Big thanks to 3 Magic Shots for sponsoring the site this week. This service gives the great but lesser-known apps in Apple’s App Store a chance to be seen by customers. 3 Magic Shots puts featured apps into three categories: Premium, Paid and Free shots. The paid and free shots feature great apps in those categories, and the premium apps are made free to 3 Magic Shots customers. That means you get a look at three super apps that deserve recognition each day.
The folks at 3 Magic Shots choose apps carefully, so you know they’ll be fun, cool or useful. As I write this, Stack The States is featured. That’s a great educational app that my kids love.
Try out 3 Magic Shots to find some hidden App Store treasures and enjoy great, free apps.
If you’d like to sponsor the site for a week, here’s how.
Apple has announced that it has delivered 40 billion downloads from the App Store. Almost half of those downloads came in 2012. That’s an amazing statistic. The iOS App Store was launched on July 10, 2008. That means customers downloaded as many apps in 2012 as they did in the previous three years combined. Wow.
Apple notes that these numbers reflect unique downloads, not re-downloads or updates. Congratulations to everyone involved with this incredible performance. It’s amazing to think that the App Store did exist just a few years ago.
I took grief about this on Twitter today, but I’m right. Apple has re-designed the look of the iOS App Store with iOS 6, which was released today. App icons “bleed” off of the edge of the screen, prompting the user to swipe and see more.
I hate it.
It’s ugly, it’s cluttered, it’s un-Apple. Worst of all, it’s confusing.
Is my iPhone displaying this improperly?
Should I be holding this in landscape?
Why are these apps cut off?
In the images above, the iOS 6 App Store is on the left. There are seven items displayed. I can’t read the titles of three of them. Some people told me that I find it troublesome because I’m a geek and typical users will find the positioning helpful. I disagree. In the image above, you can see “See All >” on the screen. It clearly suggests that there’s more off screen.
The iOS 5.x App Store layout, pictured on the right above, is tidy, clear and usable. It was far superior.
I’m now dreading iTunes 11.
Alexey V. Borodin, whose iOS hack lets users acquire in-app purchases for free, is now in a cat-and-mouse game with Apple. WAtoday:
“Borodin has responded by moving the server to a new location that is harder for Apple to reach and he now accepts donations using the anonymous Bitcoin service. The hack works by placing Borodin’s server in between the device and Apple – intercepting incoming purchase requests from the iOS device. But now Borodin has tightened up the exploit to avoid interacting with the App Store, making it even harder for Apple to shut down.”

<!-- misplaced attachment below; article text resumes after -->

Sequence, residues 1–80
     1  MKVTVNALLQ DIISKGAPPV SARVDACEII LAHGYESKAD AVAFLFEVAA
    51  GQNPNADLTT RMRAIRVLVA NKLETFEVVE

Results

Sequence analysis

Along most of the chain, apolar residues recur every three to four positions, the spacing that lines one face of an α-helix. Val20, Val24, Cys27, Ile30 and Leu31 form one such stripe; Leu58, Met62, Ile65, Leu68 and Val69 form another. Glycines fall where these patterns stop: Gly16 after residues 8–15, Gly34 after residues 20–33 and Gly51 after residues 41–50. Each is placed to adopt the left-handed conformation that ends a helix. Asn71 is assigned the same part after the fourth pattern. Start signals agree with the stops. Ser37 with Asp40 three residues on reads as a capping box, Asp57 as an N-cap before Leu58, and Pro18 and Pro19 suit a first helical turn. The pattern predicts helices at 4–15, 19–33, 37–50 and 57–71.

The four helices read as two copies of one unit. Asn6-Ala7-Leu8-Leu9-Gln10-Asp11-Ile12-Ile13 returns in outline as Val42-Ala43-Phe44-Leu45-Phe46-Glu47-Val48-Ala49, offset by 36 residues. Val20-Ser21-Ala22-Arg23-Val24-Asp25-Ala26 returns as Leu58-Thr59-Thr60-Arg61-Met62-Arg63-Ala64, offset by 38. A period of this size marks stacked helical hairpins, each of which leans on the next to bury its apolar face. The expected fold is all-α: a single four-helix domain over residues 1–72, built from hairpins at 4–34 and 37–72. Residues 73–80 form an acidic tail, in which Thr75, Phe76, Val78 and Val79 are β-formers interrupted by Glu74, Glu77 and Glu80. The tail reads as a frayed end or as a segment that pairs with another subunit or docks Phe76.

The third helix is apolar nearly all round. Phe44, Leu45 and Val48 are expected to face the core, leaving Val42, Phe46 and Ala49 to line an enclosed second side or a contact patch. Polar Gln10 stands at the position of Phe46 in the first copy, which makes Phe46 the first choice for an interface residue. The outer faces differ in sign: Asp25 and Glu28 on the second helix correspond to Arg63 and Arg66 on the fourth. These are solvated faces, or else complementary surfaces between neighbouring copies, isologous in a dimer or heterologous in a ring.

This after telling Macworld, “I think [Apple] will hire me.” What an ass.
Here are a few apps I’ve been enjoying this week.
- Timer from App Cubby ($0.99). Simple, handy timer utility for iPhone. My review here.
- Any.Do (free). It’s a bit insistent with the Facebook login, asking every time I launch the app, but still a good-looking, simple to-do list manager. Just mute the sounds. Trust me.
- Tempo ($1.99, universal). An extremely well-done metronome app for iPhone and iPad. I’ve been practicing with it all week.
- Astronut for iPad ($1.99). Playing on the iPad with the iPhone as a controller is entirely too much fun. My son and I have spent a lot of time challenging each other.
A new section of great apps for the new iPad has been added to the App Store. Apple did something similar when the iPad was released, the iPhone 4S and OS X Lion. These developers should expect to see a nice bump this weekend.
David Chartier points out that using Quick Look on Apps that have been purchased from the Mac App Store reveals the purchase date, not modification date. That’s pretty neat.
In my testing, it seems to be unique to Lion.
Quick Look of BreakTime in Lion
Quick Look of BreakTime in Snow Leopard
When Apple pushed the weekly content refresh to the mobile App Store, iBookstore and iTunes today, a UI change was added as well. Specifically, the navigation buttons on either side of featured content lists (“Latest TV Episodes,” “New and Noteworthy,” etc.) are gone. Users can now swipe to navigate these sections.
Drunkify is a fun little app that turns you text messages into the garbled nonsense one might send after drinking too much. It’s silly and unnecessary but fun and good for a laugh. I get it.
Here’s my favorite Drunkify App Store review (one star):
“…one could easily do this without the app.”
Do what, get drunk and send a misspelled text? You get right on that, chief.
In a huge act of faith, Pixelmator has gone exclusive to the app store, with a fantastic deal to boot:
“…we are fully committed to supporting the Mac App Store by completely moving Pixelmator sales and distribution to the Mac App Store in the upcoming months. To ease the transition to the Mac App Store for our users, we’ve come up with an exciting solution that we think everyone will love taking advantage of. We call it the Pixelmator transition to the Mac App Store….”
That deal includes a huge discount on the app (down to $29 from $59), version 2.0 for free when it’s released and the opportunity for all non-registered customers to participate. And with that, Pixelmator just became my first Mac App Store purchase.